Dad persuaded me to climb with him to the top of the headland in Agadir somehow convinced there was a restaurant at the top. When we arrived there after several tedious hours following a dusty track in the heat of the day we found nothing apart from some dilapidated wartime fortifications. But the view had been well worth the climb and we were able to take some magnificent photos.
Being with dad was often like that, he muddled along through life but things would always turn out well in the end. Had we looked at the guide book to start with we would have seen that Agadir actually means: ‘Fortress on a hilltop.’ But sometimes finding things out quite by accident make a holiday that more enjoyable.
On our last day we purchased stylish kaftans and djellabas from the market-place and some locally made jewellery and a Fez hat too. Then back at our hotel we dressed up like locals to photograph each other on the sun terrace. ‘Just like that!’ said dad doing a very poor Tommy Cooper impression. ‘Hey, take a photo of me with my jelly baby on will you?’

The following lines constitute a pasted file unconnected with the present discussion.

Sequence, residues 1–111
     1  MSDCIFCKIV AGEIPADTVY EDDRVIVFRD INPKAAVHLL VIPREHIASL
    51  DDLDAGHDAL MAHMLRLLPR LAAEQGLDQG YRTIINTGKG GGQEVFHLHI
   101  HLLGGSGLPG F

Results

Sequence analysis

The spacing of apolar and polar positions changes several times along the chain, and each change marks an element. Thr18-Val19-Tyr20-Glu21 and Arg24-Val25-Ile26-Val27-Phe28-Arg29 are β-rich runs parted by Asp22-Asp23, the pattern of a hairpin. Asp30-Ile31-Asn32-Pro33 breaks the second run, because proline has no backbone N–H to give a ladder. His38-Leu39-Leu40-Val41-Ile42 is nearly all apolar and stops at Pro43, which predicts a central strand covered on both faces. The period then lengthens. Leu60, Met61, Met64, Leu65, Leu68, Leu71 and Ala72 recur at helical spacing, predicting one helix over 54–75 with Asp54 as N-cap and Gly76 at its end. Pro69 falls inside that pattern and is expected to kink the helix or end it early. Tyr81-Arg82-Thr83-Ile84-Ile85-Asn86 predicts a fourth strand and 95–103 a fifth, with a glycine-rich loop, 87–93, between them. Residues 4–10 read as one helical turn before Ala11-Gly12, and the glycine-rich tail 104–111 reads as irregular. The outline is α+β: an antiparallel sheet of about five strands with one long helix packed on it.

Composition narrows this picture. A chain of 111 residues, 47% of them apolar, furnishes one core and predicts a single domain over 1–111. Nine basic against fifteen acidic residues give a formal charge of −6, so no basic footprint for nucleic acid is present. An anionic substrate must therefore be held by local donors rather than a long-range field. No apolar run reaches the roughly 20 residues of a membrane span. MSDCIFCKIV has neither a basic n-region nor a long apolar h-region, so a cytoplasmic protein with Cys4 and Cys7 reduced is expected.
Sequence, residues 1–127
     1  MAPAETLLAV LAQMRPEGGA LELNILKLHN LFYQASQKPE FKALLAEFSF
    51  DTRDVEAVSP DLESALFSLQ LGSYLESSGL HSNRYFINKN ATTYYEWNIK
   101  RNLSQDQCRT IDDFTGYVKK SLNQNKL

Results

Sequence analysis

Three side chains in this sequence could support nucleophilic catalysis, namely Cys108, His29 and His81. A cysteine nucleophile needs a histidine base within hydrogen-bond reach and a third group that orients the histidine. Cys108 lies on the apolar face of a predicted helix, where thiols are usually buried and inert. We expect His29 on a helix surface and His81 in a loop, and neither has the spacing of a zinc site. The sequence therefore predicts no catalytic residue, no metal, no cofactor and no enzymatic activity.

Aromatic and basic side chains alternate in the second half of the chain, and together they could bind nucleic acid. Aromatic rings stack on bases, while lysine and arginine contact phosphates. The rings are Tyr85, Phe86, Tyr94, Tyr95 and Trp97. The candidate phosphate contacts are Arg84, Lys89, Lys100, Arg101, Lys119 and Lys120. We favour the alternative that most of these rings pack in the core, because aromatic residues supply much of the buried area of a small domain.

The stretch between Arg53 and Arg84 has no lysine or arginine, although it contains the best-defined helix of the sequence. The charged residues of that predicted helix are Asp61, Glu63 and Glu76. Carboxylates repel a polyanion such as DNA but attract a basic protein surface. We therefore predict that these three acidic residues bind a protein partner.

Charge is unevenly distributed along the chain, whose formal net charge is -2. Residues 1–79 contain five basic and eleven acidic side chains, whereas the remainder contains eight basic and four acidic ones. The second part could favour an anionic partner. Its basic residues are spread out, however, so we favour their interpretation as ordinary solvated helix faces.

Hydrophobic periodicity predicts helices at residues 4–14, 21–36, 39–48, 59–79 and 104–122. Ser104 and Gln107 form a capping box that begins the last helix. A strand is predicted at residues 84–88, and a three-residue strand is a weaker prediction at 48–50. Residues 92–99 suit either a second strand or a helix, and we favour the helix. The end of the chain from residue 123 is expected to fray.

We came to love our friendly little hotel with its welcoming sun terrace, far away from the huge concrete monstrosities that were being built further along the coast. I wonder if it's still there, but perhaps it's better to cherish one's memories of a place rather than go back and be disappointed if everything is not as it once was.
Sadly, my dad is no longer alive but I often recall the many holidays we shared together in the early 1980s and I’m grateful for those times.
At home, above my drinks cabinet is a photo of dad wearing only his bathing trunks and sporting his dreadful sunburn on the balcony at hotel Miramar, and that is how I like to remember him. When I pour myself a drink I always raise my glass and say ‘Cheers dad!’ then, those happy memories of our holiday in Morocco all come rushing back. I never did return there with Dad but in the summer of 2006 I purchased a holiday apartment there. And I know he would have loved it, sun-worshiper that he was.
One of the imperial palaces in Tetouan
Tetouan Northern Morocco
Guide to Morocco
The Kingdom of Morocco
Agadir in Western Morocco - a popular tourist destination
How Not To Get a Suntan!
© 2015 Stella Kaye